Now that the first draft of How To Market Professional Services and its companion workbook are complete, I can write about some specific issues that have been lingering on my growing list of blog topics.

One of the side benefits of working on How To Market Professional Services is that I now have a knowledge and information base for individual issues relating in one way or another to marketing professional services. When responding to specific marketing issues, it’s always easier and more effective to link possible solutions to relevant learning resources.

The 10 Challenges

Regardless of the effectiveness of our marketing planning and management, inevitably we will all face a serious challenge (aka problem or crisis) that requires immediate attention.

Here are 10 of what might be considered major marketing challenges for service professionals. Over the coming weeks, I will offer tips and suggestions for responding to these challenges.

To help you develop the best and most appropriate response, appropriate reference will be made to either or both of How To Market Professional Services and the Marketing Professional Services Workbook.

In random order, here are 10 serious marketing challenges that most service professionals face at one point or another.

  1. Losing A Major Client
  2. A New Competitor In The Market
  3. A Public Relations Disaster
  4. Offering A Service That Clients Need But Don’t Know It
  5. Loyal Client Choosing A Competitor For Help
  6. Client Pipeline Drying Up Or Slowing Down
  7. You Want More Or Different Business But Are Too Busy To Market
  8. You Hate Social Media But Your Competitors Are All Using It
  9. You Love Serving Clients But Hate Marketing
  10. You Feel Over-Worked And Under-Compensated

If you love serving clients, but hate marketing your services, check out this coaching for professionals who don’t like marketing.  It might help you change your approach to marketing and start attracting more, perhaps better, clients.



On Monday, I wrote about clearing the decks as a great start to 2013.

In response, Todd Bonner of MEP Engineering commented:

“Believe it or not, Larry, I have been thinking a great deal about this subject over the past couple of months. Bound up in this discussion is the proverbial “shiny new thing” syndrome that dissipates focus and leaves most initiatives incomplete. I deal with this on a daily basis on personal and business fronts. It seems that creativity and easy distraction do go hand in hand, unfortunately.”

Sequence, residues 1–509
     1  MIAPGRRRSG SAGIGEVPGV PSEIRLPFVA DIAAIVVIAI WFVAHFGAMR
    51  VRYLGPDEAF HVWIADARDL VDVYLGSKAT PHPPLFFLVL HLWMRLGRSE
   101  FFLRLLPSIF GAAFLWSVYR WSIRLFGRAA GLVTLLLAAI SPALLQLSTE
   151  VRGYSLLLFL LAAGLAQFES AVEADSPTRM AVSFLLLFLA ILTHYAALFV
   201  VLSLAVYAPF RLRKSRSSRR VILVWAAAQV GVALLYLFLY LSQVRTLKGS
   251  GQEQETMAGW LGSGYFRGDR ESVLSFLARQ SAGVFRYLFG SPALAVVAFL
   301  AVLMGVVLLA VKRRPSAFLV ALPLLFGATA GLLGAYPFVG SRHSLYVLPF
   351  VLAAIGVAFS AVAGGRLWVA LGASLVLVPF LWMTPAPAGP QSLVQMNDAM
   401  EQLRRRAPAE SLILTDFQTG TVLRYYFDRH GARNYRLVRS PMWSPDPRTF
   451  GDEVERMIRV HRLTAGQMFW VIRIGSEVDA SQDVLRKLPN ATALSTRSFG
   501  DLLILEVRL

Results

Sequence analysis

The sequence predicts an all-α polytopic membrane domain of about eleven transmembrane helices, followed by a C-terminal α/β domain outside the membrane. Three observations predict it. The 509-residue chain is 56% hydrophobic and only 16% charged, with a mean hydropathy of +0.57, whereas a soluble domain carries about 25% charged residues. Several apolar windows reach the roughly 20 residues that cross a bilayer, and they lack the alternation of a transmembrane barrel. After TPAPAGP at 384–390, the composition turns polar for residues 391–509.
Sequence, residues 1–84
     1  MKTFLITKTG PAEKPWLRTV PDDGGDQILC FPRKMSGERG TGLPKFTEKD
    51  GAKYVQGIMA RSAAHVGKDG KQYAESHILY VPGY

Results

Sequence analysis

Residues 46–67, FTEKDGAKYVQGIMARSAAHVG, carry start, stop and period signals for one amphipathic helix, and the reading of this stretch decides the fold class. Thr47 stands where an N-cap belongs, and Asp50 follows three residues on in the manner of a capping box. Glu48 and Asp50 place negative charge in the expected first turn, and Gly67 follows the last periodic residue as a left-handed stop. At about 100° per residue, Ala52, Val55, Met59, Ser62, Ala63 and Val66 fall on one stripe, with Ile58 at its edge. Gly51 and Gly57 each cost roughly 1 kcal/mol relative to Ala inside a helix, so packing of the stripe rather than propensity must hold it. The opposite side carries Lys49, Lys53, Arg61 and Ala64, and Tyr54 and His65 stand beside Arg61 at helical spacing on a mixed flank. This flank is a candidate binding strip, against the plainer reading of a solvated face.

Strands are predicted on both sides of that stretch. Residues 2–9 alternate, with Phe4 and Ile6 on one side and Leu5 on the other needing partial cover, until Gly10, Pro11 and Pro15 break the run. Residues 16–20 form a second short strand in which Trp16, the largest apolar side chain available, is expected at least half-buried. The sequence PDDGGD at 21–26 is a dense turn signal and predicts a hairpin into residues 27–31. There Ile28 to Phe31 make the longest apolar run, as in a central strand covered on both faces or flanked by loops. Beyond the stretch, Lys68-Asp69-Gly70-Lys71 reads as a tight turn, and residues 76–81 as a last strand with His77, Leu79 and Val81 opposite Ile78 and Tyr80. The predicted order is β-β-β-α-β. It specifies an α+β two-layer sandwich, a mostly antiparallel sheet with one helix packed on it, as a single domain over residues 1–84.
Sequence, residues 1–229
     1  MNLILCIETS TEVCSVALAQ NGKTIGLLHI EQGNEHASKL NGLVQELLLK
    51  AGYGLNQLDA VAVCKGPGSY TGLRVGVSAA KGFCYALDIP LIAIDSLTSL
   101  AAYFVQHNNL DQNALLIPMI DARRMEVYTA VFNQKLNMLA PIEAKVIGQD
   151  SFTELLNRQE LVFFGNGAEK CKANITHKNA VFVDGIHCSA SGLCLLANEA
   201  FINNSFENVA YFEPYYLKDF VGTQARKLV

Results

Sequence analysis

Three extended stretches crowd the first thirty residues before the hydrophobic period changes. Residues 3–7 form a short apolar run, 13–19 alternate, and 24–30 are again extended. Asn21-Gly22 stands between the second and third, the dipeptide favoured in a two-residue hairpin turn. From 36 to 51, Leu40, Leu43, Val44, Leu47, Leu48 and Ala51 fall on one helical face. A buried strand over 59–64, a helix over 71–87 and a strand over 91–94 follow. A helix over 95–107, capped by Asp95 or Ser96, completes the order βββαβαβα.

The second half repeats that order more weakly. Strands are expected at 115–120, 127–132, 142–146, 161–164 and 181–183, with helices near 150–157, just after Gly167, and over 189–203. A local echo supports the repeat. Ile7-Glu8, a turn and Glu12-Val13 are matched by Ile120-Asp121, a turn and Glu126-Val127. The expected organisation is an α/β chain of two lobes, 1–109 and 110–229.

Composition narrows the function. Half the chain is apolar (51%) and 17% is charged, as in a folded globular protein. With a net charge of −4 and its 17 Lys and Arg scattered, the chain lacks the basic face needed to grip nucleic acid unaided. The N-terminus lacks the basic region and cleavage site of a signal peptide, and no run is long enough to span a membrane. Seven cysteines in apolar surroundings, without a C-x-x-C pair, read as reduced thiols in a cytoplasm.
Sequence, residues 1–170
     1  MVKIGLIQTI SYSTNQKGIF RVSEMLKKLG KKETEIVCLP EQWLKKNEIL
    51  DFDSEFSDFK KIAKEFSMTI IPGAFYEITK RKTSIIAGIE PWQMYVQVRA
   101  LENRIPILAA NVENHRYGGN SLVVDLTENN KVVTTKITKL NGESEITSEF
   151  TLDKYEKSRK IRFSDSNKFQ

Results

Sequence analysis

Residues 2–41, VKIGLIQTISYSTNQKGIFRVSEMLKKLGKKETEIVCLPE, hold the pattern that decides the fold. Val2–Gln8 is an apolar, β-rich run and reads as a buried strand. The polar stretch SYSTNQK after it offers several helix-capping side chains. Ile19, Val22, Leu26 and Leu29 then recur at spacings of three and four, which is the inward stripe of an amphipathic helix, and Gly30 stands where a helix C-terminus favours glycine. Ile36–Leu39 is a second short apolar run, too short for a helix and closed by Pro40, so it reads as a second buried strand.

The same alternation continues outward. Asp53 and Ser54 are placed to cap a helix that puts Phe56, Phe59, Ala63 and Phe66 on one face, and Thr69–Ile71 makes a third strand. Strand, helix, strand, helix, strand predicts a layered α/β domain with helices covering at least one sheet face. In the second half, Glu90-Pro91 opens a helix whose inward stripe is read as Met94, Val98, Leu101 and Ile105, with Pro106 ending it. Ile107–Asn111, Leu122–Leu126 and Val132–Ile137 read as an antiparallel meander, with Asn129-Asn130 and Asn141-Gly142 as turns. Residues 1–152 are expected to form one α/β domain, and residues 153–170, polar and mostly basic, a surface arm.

Funny thing happened on the way to developing this post based on Todd’s comment.

When I reread my Monday post, I found myself somewhat puzzled by my own words: “…when one of my new initiatives crashed sooner than expected.” I was at a momentary loss trying to remember what initiative had crashed. This was surprising because I have been blessed with a very good memory.

It was only when I consciously worked through what I did on the weekend that I was able to remember what had crashed. Oh yeah…that idea. It was a spur-of-the-moment kind of thing based on an item that flashed past my eyes on the computer screen.

How important was the idea if I had forgotten about it three days after an incidental mention it? Obviously not a critical element of either my business or marketing planning.

This in turn raises the question of how relevant is the proverbial “shiny new thing” to your ultimate marketing or business success? Obviously some new things help us become healthier, wealthier and/or wiser. But my sense is that most new things are little more than energy-draining distractions.

Which leads to the second part of Todd’s comment:

“My takeaways from the article?

“(1) Follow your lead and focus in on two highest-yield social platforms for B2B while ignoring the 100 other possible platforms, and

“(2) put all remaining effort into developing consistent, authentic and valuable MEP Engineering related blog content to engage potential clients. If that’s all we “get done” in 2013, I believe we will be in good shape.”

Assuming by social platforms, Todd means social media applications such as LinkedIn and Facebook, I couldn’t agree more with his takeaway (1).

For all businesses, including service professionals, social media marketing supplements traditional marketing such as networking, referrals and keeping in touch. Messing around on more than two social media applications will drain a lot of time and energy with virtually no payback.

As for takeaway (2), Todd has nailed the keys to effective blogging: consistent, authentic and valuable.

Ensuring that our blogs meet these three criteria will help ensure that we will be in good shape for 2013.

Thanks Todd…good comment.